Embezzlement Suspect's Payback Could be as Much as $500 Million - KCBD NewsChannel 11 Lubbock


Embezzlement Suspect's Payback Could be as Much as $500 Million

NewsChannel 11 has learned that although Jody Nelson is being accused of embezzling $70-million, the total he might have to pay back is closer to $500-million. A federal judge in the case has appointed attorney Robert Wilson to take care of collecting and distributing assets to the share holders. NewsChannel 11's Jennifer Vogel has been researching the case and learned exactly what will happen to those assets, including Nelson's businesses.

"The investors of course and the creditors would want to bring lawsuits against the alleged perpetrator, so instead of them bringing literally hundreds of lawsuits, a receivership was formed by the S.E.C. (Securities and Exchange Commission). Robert Wilson is known in the Nelson case as the receiver. The receiver is appointed by a federal judge and compiles and controls all assets until they can be sold and distributed to the people entitled. In Nelson's case, he allegedly owes the most to drilling company Patterson UTI. Wilson says he also owes banks, credit card companies, oil companies and business share holders. "We have one preceding at which time we try to sort out all the claims of everybody sort out what all is various companies own, marshal the assets and then have some orderly distributing scheme."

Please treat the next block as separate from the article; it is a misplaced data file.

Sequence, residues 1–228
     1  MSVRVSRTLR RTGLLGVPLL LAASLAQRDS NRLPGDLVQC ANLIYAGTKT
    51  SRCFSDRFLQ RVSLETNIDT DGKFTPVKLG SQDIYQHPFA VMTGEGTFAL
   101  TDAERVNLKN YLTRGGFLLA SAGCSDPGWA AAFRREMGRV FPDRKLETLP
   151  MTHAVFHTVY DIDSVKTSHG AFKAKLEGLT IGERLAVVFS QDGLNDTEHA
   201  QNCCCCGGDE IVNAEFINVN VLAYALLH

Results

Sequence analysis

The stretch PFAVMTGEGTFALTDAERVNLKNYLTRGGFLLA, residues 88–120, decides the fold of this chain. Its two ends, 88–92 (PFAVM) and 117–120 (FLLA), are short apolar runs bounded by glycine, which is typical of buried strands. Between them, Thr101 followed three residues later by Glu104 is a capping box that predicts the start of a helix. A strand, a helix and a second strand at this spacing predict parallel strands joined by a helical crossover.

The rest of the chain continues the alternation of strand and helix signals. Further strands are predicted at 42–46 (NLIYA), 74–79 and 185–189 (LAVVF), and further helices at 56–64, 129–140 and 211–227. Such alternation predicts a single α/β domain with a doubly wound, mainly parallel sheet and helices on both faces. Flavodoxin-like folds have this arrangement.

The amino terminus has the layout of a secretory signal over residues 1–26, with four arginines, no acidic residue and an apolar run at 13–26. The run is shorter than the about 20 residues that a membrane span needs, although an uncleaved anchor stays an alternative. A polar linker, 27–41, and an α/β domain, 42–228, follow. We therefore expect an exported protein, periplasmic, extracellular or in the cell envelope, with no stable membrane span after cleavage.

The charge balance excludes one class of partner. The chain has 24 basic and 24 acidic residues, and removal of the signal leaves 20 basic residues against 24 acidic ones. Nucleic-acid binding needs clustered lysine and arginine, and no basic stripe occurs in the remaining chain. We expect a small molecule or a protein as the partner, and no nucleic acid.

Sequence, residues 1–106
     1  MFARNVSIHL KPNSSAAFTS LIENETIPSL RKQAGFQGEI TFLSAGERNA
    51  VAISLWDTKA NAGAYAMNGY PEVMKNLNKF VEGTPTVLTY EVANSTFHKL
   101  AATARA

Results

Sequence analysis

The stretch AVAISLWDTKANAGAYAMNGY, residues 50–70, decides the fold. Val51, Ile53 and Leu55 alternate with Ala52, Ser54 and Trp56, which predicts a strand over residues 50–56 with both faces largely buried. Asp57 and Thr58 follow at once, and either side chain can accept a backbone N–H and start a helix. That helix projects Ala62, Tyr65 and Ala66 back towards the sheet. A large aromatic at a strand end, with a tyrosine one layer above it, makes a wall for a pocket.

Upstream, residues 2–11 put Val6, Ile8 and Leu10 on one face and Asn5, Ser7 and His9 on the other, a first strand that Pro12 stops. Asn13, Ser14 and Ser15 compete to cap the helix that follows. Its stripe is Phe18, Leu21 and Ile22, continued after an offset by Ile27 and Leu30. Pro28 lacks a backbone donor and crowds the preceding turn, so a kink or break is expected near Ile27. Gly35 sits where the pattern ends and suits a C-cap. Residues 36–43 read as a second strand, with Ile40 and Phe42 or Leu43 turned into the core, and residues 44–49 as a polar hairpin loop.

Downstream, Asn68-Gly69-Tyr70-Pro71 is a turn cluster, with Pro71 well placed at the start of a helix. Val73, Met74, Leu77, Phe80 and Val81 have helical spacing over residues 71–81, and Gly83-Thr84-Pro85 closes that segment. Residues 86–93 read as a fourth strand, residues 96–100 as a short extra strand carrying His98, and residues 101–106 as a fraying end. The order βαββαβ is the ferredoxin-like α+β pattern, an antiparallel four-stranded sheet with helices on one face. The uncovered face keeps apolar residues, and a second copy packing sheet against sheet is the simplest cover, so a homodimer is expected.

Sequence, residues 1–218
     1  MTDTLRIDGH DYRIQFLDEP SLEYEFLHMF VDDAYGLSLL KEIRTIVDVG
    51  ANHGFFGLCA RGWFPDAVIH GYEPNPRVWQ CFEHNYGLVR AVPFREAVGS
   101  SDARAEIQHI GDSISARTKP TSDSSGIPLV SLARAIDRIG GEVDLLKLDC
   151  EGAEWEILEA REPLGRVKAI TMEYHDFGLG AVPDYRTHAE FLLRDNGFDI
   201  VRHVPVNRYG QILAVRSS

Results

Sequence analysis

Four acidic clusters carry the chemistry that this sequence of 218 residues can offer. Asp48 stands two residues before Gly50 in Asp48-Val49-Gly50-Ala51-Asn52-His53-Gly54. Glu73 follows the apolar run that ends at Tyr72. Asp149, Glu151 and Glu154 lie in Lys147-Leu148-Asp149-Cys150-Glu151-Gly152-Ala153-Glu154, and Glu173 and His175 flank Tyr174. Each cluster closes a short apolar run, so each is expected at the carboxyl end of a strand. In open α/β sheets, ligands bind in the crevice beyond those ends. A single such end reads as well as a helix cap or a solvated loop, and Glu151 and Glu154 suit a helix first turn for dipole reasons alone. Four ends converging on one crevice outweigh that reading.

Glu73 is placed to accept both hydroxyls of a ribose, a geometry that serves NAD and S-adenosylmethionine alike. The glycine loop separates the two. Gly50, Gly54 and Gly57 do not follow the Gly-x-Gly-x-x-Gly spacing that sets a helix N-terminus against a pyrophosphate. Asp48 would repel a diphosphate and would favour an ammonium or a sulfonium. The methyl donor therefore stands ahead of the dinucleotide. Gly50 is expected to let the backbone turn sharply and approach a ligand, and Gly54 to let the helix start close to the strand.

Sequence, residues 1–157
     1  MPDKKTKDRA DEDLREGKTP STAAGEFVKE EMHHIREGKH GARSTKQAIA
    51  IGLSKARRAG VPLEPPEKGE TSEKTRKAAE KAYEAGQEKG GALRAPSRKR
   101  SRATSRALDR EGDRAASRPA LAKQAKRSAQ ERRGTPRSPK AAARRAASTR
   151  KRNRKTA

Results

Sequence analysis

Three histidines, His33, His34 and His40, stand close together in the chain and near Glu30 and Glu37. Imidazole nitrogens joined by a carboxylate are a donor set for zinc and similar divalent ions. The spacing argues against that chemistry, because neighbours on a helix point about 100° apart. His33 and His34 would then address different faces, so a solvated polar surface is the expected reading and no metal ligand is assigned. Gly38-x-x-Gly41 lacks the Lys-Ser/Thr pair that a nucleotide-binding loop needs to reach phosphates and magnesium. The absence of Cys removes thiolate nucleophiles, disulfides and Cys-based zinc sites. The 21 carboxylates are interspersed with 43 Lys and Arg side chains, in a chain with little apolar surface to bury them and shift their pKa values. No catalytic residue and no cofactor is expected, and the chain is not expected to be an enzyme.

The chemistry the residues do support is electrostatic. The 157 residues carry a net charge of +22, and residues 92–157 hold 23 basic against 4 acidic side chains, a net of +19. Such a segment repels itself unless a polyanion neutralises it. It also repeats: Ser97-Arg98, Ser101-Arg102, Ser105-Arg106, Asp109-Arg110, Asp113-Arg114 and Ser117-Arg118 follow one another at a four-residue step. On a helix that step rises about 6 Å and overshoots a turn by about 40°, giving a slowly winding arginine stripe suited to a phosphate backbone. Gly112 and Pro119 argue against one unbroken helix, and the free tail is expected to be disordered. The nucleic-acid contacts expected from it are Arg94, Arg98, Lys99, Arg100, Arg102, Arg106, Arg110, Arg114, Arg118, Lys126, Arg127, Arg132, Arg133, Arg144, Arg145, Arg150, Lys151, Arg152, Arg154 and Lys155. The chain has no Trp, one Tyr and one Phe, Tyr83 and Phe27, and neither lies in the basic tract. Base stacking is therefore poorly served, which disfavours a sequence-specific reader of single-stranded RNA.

Some of the assets that have already been collected and itemized are the following; first, multiple businesses are in the court's hands like Chisum Travel Center. Nelson owned properties in Possum Kingdom as well as a gas station. He also has a house in Lake Travis, properties in Ruidoso, a Lubbock house in the Rush neighborhood, a King Air- private plane that costs approximately two and a half million dollars and luxury items like water crafts, airplanes, helicopters, SUV's, motorcycles, and $300,000 worth of guns.

But the question 140 employees at Chisum Travel Center want answered is 'What will happen to their jobs now that the court has taken over?' Wilson says, "It's business as usual. The current bills are being paid and current personnel is being operated, there might be some shifts in personnel, but that will be orderly also."

Wilson says all assets have to be sold, including Chisum, but that process will be begin in about six months.

The receiving process takes about a year and Wilson told NewsChannel 11 that Nelson has agreed to work with the courts.

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